From: Vladimir Prus (ghost_at_[hidden])
Date: 2004-12-01 06:58:58
>> the user-provided notifiers are called by the "program_options::notify"
> I do have a call to notify (See below)
Ok, I just did not see it in your original code snippet.
> in the example but do you mean
> notify (my_function1) ?
No, surely not.
> parse_command_line(argc, argv, menu), menu_map);
This looks like.
> I don't know if you tried to use this library but it seems the
> documentation regarding notify is wrong (Or I'm wrong).
> Try to compile the exact example given by the docs results in an error.
> replace notify by notifier will cause the function to be called. Maybe
> I'm missing something here.
Can you point me a a specific example which does not compile. While most
code in the docs is derived from code in the "example" directory, it's
possible that some typo was made.
>> The order of invocation is independed of the order on the command
>> line, it's just lexicographical order of the option names.
> I don't like this. If what you claim is true then I'm losing control
> over the program.
It depends on your point of view. In my opinion deterministic order of
'notifier' calls is a feature, and each feature must have a real use case
to enter a library. Imagine loading options from LDAP server (I hope to
implement that one day). Does it make sense to talk about order of the
options? Even for config files, the order of options is generally not
>> Why do you need specific order?
>> There's no guarantee at all. The idea is most of the time you don't
>> specific order. If you describe your problem, I might offer more
> What I wanted is to have the user line up their request to the program
> as options on the command line and each time an option is read,
> something will happen as the order they were read. I would like to
> collect some option information as first like files in the example but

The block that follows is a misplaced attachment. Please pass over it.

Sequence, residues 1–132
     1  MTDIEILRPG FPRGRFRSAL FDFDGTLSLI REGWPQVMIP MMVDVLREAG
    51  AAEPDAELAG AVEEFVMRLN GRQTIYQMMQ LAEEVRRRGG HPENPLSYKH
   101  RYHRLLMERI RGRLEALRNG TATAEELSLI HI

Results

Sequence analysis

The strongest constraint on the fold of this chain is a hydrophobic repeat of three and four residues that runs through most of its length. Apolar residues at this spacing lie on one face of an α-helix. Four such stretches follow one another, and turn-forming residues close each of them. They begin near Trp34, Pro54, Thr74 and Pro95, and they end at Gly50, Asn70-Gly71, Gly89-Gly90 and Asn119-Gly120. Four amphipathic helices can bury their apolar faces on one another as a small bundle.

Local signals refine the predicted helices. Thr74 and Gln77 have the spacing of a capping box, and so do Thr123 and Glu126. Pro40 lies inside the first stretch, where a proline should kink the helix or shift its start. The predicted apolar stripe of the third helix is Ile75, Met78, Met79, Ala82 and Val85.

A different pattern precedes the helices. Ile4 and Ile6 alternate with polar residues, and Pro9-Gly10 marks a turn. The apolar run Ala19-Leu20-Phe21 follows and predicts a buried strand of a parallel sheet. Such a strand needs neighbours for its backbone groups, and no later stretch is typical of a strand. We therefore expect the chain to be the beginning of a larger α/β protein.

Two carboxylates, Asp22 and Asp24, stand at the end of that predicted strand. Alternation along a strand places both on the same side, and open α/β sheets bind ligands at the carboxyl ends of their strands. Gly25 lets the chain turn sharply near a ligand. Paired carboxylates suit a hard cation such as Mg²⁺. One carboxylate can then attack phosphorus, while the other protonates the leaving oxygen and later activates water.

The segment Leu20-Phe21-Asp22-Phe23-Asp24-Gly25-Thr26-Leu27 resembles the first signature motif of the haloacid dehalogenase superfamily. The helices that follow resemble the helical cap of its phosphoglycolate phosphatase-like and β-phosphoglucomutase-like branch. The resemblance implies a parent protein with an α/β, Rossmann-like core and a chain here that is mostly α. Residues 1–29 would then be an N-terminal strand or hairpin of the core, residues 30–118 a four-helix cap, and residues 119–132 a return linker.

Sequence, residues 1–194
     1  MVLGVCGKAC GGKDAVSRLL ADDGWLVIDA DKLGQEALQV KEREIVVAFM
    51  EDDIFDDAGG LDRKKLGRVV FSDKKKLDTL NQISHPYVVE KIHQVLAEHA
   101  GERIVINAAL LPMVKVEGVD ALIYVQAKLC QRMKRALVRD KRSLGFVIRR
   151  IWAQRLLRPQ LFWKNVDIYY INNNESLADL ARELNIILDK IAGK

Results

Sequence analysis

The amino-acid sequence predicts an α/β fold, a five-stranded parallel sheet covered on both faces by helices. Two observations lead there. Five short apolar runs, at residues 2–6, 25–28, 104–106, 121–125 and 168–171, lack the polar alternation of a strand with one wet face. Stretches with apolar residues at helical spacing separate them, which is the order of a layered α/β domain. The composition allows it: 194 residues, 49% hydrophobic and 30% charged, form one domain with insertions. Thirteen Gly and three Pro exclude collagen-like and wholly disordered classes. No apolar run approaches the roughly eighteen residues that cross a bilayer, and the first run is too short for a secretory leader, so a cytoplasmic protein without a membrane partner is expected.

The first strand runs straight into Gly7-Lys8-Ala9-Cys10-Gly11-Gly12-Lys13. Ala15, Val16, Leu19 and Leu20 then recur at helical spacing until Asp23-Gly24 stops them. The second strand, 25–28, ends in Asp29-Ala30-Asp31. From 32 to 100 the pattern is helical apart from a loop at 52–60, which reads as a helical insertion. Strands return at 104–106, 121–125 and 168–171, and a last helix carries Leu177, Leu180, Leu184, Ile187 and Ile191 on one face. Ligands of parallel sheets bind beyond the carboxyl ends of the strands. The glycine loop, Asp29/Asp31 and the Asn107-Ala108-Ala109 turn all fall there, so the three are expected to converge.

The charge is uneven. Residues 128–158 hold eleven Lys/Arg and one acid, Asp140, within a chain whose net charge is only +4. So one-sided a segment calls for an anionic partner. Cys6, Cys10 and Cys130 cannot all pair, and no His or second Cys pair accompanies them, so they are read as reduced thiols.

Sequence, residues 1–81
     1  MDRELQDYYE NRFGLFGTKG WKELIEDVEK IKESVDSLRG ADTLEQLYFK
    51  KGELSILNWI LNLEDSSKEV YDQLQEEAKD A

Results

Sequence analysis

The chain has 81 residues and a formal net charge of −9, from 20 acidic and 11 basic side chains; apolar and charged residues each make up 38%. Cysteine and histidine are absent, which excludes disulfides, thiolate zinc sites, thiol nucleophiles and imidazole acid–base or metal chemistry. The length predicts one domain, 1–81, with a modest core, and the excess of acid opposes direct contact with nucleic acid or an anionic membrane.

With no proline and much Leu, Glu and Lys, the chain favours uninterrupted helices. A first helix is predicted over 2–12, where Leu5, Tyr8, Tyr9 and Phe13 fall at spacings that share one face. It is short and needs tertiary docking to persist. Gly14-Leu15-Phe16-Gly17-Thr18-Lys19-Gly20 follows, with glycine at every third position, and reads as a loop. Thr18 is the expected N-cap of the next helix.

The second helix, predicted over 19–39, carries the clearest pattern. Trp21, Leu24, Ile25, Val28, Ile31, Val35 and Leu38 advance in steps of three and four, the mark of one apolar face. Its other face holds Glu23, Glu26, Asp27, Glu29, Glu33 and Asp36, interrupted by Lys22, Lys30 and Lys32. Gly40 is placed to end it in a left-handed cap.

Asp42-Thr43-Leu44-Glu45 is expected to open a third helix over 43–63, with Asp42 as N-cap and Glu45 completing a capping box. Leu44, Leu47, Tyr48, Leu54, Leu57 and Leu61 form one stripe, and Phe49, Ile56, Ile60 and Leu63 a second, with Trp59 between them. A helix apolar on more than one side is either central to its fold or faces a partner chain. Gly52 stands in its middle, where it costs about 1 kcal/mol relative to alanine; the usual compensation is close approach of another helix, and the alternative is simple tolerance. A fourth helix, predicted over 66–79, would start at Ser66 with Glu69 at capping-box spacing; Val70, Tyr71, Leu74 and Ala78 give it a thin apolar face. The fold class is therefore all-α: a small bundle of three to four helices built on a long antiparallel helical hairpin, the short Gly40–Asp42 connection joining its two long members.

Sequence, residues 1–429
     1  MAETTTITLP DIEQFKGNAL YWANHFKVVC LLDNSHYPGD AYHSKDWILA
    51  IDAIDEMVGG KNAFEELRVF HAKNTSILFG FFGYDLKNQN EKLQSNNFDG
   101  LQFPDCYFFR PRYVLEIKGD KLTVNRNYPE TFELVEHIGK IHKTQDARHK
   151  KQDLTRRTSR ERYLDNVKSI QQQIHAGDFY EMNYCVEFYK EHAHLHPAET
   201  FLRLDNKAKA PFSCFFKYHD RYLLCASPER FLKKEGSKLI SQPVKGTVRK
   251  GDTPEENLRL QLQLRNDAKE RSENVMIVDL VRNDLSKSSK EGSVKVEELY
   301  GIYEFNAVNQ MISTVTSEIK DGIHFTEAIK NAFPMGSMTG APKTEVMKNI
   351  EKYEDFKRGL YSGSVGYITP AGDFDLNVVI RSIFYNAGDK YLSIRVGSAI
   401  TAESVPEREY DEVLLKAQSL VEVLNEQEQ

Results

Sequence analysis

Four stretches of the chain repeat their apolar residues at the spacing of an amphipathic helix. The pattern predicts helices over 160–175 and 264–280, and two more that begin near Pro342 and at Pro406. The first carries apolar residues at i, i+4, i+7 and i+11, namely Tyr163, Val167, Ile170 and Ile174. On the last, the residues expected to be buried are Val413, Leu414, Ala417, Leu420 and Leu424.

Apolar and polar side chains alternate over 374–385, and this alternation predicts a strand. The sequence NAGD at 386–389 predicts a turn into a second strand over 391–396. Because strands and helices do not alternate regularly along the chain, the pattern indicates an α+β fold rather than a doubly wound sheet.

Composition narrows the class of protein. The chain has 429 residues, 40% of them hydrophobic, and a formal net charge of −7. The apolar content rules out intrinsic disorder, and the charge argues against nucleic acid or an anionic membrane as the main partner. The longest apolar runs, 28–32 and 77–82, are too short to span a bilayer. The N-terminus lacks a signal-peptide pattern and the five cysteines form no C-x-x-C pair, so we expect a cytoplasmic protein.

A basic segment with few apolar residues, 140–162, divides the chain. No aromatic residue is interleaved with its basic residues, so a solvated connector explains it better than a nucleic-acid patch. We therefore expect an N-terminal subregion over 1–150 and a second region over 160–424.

> it's not essential.
> What you are saying is that these options are treated as arguments to
> functions but I want them to act more like commands to the program that
> will cause some action, so any option has a purpose and a place as when
> and where to be used instead of dumping all to the program as
This explains something. This also suggests you don't need name->value
mapping that's provided by the variables_map class.
I would suggest you use the 'parsed_options' class which is returned by the
typedef basic_parsed_options< char > parsed_options;
There are two possibilities:
- Each option is a completely independent command. Then you don't need
variables_map at all. You just have a map from option name to function that
executes the command, and you'll iterate over returned options, calling
- Some options are "commands". Some are ordinary options and affect the
execution of commands. Then, code like this would work:
parsed_options p = parse_command_line(......);
p2.description = p.description;
for(unsigned i = 0; i < p.options.size(); ++i)
if ( /* p.options[i] is command */ )
// Store the options found so far to 'vm'
// Execute your command, supposedly making use of
// options stored in 'vm'.
Let me know your opinions on the above approaches. This looks like a
candidate for "howto" section of the docs.
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